Pakistan PM scotches speculation of Taliban offensive

Pakistani Prime Minister Nawaz Sharif on Wednesday scotched speculation his government would launch an offensive against the Taliban following a wave of bloody attacks, saying he wanted to "give the peaceful solution another chance".

Sharif's government has come under fire for failing to come up with a strategy to respond to a surge in militant violence, which has seen more than 114 people killed in attacks since the start of the year, according to an AFP tally.

Sharif was elected to office last year vowing to bring an end to a homegrown Taliban insurgency that has raged since 2007, by engaging militants in meaningful dialogue.

But preliminary efforts to reach out to the Taliban ended after a US drone strike killed their then-leader Hakimullah Mehsud in November.

The Taliban have since said they will only talk if the Pakistan army withdraws from the country's restive tribal areas that border Afghanistan, and puts an end to US drone strikes.

In a highly-anticipated address to Pakistan's parliament Wednesday, Sharif paid an emotional tribute to the victims of terrorism, saying: "Common citizens are being targeted and our innocent children are dying. Society is surrounded by fear."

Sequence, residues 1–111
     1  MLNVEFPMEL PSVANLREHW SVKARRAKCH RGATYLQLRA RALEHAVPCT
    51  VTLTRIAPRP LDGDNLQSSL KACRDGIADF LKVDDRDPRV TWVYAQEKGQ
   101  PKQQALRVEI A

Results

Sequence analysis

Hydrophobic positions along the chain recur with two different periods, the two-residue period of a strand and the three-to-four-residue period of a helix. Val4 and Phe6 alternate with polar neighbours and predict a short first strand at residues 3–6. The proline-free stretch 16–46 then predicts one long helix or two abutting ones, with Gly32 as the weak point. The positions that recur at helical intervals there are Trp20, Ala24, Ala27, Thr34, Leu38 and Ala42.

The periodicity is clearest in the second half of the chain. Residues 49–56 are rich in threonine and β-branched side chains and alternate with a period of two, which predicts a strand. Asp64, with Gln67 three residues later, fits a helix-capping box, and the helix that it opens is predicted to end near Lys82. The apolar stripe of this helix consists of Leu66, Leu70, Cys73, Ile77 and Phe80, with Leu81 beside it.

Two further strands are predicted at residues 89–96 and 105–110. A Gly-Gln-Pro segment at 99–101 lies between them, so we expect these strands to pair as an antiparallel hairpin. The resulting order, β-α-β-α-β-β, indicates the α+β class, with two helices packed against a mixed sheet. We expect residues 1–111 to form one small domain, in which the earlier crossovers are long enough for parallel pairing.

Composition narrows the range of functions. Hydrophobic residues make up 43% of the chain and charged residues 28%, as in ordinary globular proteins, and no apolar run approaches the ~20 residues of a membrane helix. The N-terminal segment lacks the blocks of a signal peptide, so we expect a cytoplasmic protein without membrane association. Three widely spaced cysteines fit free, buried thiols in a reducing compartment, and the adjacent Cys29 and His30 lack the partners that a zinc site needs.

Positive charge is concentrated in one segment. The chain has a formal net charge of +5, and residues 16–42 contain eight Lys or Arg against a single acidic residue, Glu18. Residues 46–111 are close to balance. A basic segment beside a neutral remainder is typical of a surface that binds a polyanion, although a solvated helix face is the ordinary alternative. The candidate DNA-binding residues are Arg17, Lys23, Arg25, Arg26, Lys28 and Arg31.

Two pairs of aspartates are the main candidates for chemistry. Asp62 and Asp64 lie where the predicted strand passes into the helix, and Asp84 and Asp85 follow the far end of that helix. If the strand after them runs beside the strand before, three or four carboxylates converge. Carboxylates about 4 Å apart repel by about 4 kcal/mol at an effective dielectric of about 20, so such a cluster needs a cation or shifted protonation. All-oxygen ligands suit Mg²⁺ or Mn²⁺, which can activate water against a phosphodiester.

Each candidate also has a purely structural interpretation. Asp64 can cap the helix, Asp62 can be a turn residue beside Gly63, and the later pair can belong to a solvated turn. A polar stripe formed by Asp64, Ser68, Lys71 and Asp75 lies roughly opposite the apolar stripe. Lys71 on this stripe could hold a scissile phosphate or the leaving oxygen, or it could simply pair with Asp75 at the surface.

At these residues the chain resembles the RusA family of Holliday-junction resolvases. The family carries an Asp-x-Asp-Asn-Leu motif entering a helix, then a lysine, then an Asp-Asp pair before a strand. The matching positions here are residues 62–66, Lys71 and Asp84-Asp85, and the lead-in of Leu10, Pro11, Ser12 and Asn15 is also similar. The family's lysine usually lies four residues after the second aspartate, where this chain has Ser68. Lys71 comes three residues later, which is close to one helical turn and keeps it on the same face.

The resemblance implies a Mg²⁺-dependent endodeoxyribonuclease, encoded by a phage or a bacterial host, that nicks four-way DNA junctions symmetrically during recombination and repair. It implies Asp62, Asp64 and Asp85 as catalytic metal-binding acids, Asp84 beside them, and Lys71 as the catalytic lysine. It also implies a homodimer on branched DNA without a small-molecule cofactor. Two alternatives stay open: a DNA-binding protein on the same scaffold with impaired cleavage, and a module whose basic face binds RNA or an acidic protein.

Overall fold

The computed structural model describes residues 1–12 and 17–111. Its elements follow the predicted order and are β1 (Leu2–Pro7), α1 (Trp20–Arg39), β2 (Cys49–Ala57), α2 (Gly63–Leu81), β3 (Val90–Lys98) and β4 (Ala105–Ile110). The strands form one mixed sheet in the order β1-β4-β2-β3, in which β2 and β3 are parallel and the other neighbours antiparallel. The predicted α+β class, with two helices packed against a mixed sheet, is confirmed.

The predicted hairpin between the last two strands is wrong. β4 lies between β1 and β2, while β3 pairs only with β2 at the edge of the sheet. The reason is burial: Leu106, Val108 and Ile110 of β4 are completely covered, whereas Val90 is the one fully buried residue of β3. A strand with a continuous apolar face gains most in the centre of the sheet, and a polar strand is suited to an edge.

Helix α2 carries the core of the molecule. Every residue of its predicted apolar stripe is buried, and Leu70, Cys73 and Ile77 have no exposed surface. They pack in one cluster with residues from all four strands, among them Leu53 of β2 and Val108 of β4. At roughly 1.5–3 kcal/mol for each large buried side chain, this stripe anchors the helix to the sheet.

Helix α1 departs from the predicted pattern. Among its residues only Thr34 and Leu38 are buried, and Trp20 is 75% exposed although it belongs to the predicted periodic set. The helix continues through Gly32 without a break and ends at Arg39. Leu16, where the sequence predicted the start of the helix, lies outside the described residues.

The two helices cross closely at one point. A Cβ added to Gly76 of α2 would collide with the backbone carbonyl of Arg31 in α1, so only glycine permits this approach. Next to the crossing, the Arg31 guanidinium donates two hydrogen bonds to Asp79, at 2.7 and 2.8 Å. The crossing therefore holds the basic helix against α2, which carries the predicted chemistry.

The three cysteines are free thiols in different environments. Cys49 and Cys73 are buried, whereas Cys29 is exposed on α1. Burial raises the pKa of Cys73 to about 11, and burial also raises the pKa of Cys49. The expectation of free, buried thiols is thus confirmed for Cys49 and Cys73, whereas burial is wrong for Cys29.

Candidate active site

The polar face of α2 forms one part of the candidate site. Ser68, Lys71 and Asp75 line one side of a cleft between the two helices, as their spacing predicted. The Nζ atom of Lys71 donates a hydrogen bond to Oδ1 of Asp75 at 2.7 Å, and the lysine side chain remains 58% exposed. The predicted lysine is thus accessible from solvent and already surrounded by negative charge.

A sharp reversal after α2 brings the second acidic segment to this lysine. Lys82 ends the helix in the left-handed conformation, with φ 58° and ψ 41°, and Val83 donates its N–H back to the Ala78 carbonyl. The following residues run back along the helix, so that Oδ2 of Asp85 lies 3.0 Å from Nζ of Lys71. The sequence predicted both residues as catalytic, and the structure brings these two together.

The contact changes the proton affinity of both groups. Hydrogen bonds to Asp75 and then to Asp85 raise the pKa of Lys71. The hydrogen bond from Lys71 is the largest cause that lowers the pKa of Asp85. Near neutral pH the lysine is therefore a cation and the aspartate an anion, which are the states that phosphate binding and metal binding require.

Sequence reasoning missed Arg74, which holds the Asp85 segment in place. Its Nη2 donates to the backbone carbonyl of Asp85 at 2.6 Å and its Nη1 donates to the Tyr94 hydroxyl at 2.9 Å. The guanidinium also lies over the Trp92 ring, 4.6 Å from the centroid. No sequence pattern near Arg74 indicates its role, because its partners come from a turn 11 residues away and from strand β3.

He also slammed the Taliban for rejecting the government's first offer of talks and distorting the teachings of Islam, adding: "Our very existence is endangered. We cannot make the nation and the country hostage to militants."

He continued: "I know that today if state wants to eliminate terrorists by force, the entire nation will stand by it, however, when the offer of talks has come to fore from the other side, we ... want to give the peaceful solution another chance."

To aid in the renewed dialogue efforts Sharif said he would form a four-man committee that includes leading journalist Rahimullah Yousufzai.

Reacting to the speech, opposition scion Bilawal Bhutto Zardari, the 25-year-old son of slain premier Benazir Bhutto,accused Sharif of appeasing terror.

"Support NS (Nawaz Sharif). I want him to be our Churchill. Unfortunately he is becoming our Neville Chamberlain pursuing policy of appeasement," he tweeted.